Among other things, the Americans found that when the Egyptians discover a tunnel, they plug its shaft. However, this is only a partial solution since the weapons smugglers reach the sealed tunnel using a nearby tunnel. And so while the Egyptians believe that they have shut down the tunnel, it continues to be used at full capacity. The American team determined that the only way to deal with the tunnels was to blow them up.

Mr. Bush has granted the Engineers $23 million dollars, and its task will be to carry out preventive work along Philadelphi Road. The money will be invested in developing technology and purchasing electronic measures to detect tunnels and to blow them up. The American officer who will come in the next few days for talks with the Southern Command will also serve as a liaison between the Egyptians and the Israeli Defense Forces.

Israeli security establishment officials are pleased with the Bush involvement in the war on smuggling, but senior sources noted the investment in technology and in searching for tunnels is only a partial solution.

They said the smuggling to the Gaza Strip would only stop when the Egyptian authorities began to arrest the smugglers in the Sinai Desert.

©The Bulletin 2008


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David Bedein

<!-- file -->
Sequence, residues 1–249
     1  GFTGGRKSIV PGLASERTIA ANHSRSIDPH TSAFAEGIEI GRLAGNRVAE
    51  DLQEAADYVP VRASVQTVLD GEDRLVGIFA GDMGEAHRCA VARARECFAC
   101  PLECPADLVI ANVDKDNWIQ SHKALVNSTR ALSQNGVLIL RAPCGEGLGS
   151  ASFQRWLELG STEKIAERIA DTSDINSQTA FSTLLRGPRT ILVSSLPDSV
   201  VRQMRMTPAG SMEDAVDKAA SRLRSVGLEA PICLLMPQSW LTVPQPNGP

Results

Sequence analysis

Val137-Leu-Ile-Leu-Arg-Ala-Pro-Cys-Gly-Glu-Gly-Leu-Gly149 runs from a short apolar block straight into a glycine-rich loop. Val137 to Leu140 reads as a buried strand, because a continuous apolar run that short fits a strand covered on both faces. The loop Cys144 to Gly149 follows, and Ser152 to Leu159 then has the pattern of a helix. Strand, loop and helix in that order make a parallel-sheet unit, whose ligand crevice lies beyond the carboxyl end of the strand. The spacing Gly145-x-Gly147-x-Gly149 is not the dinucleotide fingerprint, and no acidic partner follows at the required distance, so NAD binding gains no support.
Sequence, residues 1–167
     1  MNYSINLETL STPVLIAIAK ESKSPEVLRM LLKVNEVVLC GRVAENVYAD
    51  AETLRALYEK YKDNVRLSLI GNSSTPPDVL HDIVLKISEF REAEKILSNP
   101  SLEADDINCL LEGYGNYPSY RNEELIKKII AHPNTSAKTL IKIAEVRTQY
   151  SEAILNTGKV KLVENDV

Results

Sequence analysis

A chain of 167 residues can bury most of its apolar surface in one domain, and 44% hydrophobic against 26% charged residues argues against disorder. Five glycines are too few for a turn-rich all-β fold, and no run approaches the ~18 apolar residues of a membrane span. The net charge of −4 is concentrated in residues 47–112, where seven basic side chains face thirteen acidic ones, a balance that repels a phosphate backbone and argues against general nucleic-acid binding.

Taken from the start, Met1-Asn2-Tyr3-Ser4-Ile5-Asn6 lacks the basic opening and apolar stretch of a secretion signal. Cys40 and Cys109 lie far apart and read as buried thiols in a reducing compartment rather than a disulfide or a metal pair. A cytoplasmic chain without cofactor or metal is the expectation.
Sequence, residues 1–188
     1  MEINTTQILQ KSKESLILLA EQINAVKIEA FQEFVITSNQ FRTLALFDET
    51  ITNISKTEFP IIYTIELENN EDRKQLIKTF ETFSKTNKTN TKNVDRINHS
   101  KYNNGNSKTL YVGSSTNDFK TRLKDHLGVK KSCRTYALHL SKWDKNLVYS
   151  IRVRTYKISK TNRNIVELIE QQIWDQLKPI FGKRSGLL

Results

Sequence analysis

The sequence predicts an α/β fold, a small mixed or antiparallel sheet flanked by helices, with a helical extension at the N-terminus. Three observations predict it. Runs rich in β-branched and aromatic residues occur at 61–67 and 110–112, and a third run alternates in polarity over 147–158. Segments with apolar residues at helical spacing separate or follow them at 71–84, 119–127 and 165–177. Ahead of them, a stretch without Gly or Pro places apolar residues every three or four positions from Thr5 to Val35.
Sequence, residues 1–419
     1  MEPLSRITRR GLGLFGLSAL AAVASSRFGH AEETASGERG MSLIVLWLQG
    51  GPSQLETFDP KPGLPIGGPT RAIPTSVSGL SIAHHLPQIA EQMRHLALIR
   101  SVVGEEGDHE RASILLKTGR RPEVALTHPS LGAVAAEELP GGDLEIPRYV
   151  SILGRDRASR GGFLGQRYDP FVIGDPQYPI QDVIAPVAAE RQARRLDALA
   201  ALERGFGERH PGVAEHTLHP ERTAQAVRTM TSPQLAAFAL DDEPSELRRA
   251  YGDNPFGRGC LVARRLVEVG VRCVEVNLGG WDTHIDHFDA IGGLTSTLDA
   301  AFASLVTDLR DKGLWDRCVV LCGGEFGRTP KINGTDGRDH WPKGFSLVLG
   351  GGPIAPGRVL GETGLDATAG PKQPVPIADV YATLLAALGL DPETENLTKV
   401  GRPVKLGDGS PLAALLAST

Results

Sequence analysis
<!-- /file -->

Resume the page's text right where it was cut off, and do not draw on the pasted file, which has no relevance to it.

David Bedein is an MSW community organizer and an investigative journalist.   In 1987, Bedein established the Israel Resource News Agency at Beit Agron to accompany foreign journalists in their coverage of Israel, to balance the media lobbies established by the PLO and their allies.   Mr. Bedein has reported for news outlets such as CNN Radio, Makor Rishon, Philadelphia Inquirer, Los Angeles Times, BBC and The Jerusalem Post, For four years, Mr. Bedein acted as the Middle East correspondent for The Philadelphia Bulletin, writing 1,062 articles until the newspaper ceased operation in 2010. Bedein has covered breaking Middle East negotiations in Oslo, Ottawa, Shepherdstown, The Wye Plantation, Annapolis, Geneva, Nicosia, Washington, D.C., London, Bonn, and Vienna. Bedein has overseen investigative studies of the Palestinian Authority, the Expulsion Process from Gush Katif and Samaria, The Peres Center for Peace, Peace Now, The International Center for Economic Cooperation of Yossi Beilin, the ISM, Adalah, and the New Israel Fund.   Since 2005, Bedein has also served as Director of the Center for Near East Policy Research.   A focus of the center's investigations is The United Nations Relief and Works Agency for Palestine Refugees in the Near East (UNRWA). In that context, Bedein authored Roadblock to Peace: How the UN Perpetuates the Arab-Israeli Conflict - UNRWA Policies Reconsidered, which caps Bedein's 28 years of investigations of UNRWA. The Center for Near East Policy Research has been instrumental in reaching elected officials, decision makers and journalists, commissioning studies, reports, news stories and films. In 2009, the center began decided to produce short movies, in addition to monographs, to film every aspect of UNRWA education in a clear and cogent fashion.   The center has so far produced seven short documentary pieces n UNRWA which have received international acclaim and recognition, showing how which UNRWA promotes anti-Semitism and incitement to violence in their education'   In sum, Bedein has pioneered The UNRWA Reform Initiative, a strategy which calls for donor nations to insist on reasonable reforms of UNRWA. Bedein and his team of experts provide timely briefings to members to legislative bodies world wide, bringing the results of his investigations to donor nations, while demanding reforms based on transparency, refugee resettlement and the demand that terrorists be removed from the UNRWA schools and UNRWA payroll.   Bedein's work can be found at: and A new site,, will be launched very soon.